Today we would be discussing with another beautiful Ibadan entrepreneur, the brain behind John Alade Photography.

Which area of photography do you specialize in?

Infants! Baby Photography. Photography at large is just like a ministry, it has different folds and my major passion for photography is the babies. But along the line you  have clients that would want you to cover their event, you can’t decline inasmuch as it is in line with our profession, we just have to cover and document it.

What message do you intend to pass across with your infant pictures?

God’s blessing. When you give birth to a baby, everything about them is always natural. Their cry, their smile , just everything- unlike grown ups like adult males and females. I am not saying grown ups are not natural.

In the baby shots, you see God’s glory, that is the gift of life to human beings. Having that mindset to appreciate what God has done is why I ventured into photography and all over the world, people want to have babies. The home is basic; if the setting of a home is good, with well trained kids, I believe the economy will be good.

Are you into full-time photography?

Yes, I am into full-time photography. I quit the banking sector in 2012, and went into photography, although I didn’t see banking as a career. I studied computer science, finding myself in the banking industry was a strange world.  I thought of how people could see and appreciate my passion, so I ventured into photography around 2013. And ever since the grace of God has been sufficient.

What are the challenges you have faced so far?

I have faced so many.  The market at large is not smiling. At times some clients might drop you for big photographers, not because you can’t do it but because they have made it. But I believe Rome was not built in a day, it is a gradual process, and as  time goes on you would make your own name and market space.

Describe your photography style. And how do you develop your style?

My photography style is simple. John Alade Digital Studio tries as much as possible to do “doorstep photography.” In terms of meeting our clients where they are. For instance, some photographers have their studio where customers will come, but now it is just like being a mobile studio. We get across to where you are, document your event as a team, and that has been helpful, because lots of people are actually busy, unable  to walk up to the studio. When we go to their doorstep, they will be free to tell us what they want and our services are well rendered to them.

What is the scariest moment you’ve had as a photographer?

Hmmm! One of my scariest moments was a time I wanted to document  an electronic billboard along Iwo Road and I wanted to do before and after shots for project. I encountered some hoodlums saying I had to drop money before I could do anything. They thought probably it was a government documentary. In the course of not dropping we had to engage in some talks and we resolved the issue.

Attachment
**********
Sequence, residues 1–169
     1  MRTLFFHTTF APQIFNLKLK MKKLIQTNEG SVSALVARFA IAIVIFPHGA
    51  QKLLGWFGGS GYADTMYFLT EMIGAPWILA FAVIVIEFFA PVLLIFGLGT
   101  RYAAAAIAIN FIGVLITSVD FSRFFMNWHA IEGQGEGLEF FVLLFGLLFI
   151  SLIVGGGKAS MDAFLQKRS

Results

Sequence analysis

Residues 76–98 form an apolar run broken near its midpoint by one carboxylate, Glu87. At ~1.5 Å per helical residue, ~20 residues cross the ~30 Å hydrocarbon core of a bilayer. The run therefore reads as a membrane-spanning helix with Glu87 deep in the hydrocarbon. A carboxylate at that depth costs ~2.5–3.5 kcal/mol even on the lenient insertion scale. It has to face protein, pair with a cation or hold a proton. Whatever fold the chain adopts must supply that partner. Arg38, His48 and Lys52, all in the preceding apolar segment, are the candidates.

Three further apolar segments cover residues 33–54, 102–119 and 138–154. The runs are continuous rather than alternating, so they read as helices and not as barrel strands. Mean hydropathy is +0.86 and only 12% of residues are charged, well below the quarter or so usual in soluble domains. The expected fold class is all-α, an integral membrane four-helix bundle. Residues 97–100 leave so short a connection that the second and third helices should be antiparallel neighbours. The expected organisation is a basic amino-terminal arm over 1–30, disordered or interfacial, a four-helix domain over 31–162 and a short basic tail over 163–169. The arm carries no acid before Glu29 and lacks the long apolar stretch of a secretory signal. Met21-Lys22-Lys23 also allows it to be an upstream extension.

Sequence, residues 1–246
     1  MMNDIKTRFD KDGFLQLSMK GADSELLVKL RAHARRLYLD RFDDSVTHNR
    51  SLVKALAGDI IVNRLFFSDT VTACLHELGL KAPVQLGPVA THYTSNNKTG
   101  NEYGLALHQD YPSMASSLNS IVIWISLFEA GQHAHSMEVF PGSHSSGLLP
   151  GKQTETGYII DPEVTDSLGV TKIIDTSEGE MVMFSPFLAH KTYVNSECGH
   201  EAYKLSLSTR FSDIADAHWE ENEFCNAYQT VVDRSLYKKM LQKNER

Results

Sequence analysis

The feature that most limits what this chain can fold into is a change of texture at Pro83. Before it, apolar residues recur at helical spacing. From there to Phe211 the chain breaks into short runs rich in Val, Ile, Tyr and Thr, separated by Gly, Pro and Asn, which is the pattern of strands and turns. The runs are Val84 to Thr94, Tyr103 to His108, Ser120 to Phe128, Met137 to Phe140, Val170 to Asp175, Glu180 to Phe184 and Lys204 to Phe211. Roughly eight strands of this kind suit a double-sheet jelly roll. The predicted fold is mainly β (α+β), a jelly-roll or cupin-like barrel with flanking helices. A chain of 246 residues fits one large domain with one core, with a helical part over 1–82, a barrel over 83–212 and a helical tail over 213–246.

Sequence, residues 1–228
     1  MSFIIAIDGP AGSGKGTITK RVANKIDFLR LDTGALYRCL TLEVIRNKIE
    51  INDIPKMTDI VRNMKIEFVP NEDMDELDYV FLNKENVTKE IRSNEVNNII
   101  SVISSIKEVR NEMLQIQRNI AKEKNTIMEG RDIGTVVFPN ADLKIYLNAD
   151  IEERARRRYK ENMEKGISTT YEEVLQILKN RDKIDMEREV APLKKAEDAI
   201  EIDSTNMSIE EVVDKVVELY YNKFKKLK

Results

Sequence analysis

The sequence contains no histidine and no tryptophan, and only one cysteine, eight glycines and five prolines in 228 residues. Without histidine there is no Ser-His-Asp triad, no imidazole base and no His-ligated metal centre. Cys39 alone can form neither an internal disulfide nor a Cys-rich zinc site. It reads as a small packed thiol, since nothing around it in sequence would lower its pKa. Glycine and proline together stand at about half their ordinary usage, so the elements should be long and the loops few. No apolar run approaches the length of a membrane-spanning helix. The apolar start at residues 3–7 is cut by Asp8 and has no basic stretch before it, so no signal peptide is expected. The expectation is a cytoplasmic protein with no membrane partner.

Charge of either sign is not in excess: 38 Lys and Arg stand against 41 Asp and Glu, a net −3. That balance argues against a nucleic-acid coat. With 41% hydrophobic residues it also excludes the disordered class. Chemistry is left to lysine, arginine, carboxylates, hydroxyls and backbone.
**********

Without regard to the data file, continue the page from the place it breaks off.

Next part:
Seeing people your work without giving you credit is heartbreaking. They will probably feel like ‘shebi we know the guy na.’ At least if you don’t give us the money, at least give us credit. To appreaciate our time.

You said you have been into Photography for about four years now. So, what is/are the biggest lesson(s) you have learnt?

The biggest lesson I’ve learnt is that you should run the race with your creator. That is where grace sets in. And there are some things/places you don’t actually fit in, but when the grace locates you, people will just call you, “Can you do this?” and in there you will actually see your strength. In short, it has been God all through.

 Have you ever felt  down anytime as a photographer?

Absolutely. I am human.

So what are the things that motivate you when you are down?

Most of the time, I learnt to go back to my past works. I check them over, to see how far I can beat those past projects. How far I can be a better person.

In addition, I go for further training to add knowledge and acquire more skills from colleagues and people in the industry.

What do you have for upcoming photographers?

Well, what I have for them is to stick with their passion with God. If you venture into any profession without having a passion for it, at times when the ups and downs  come, you might want to quit. I believe that with passion, you can be best in your  field.

If you have a goal, passion and being proactive,  that is taking step. Photography is not about keeping your camera in the wardrobe. It is a day in day out activity. You should get yourself doing something in a day, and be consistent. You don’t know which image would sell you out. An example is that of TY Bello and Olajumoke. It was an image that changed the whole scenario.

Keep soaring and adding knowledge so you will become a better person.

Thanks for your time.

You are welcome.


Follow John Alade Photography on Facebook and  Instagram or you can reach him on 234 (0) 8169181137 07087359851

Below are some of his works

This slideshow requires JavaScript.


Please enter your comment!
Please enter your name here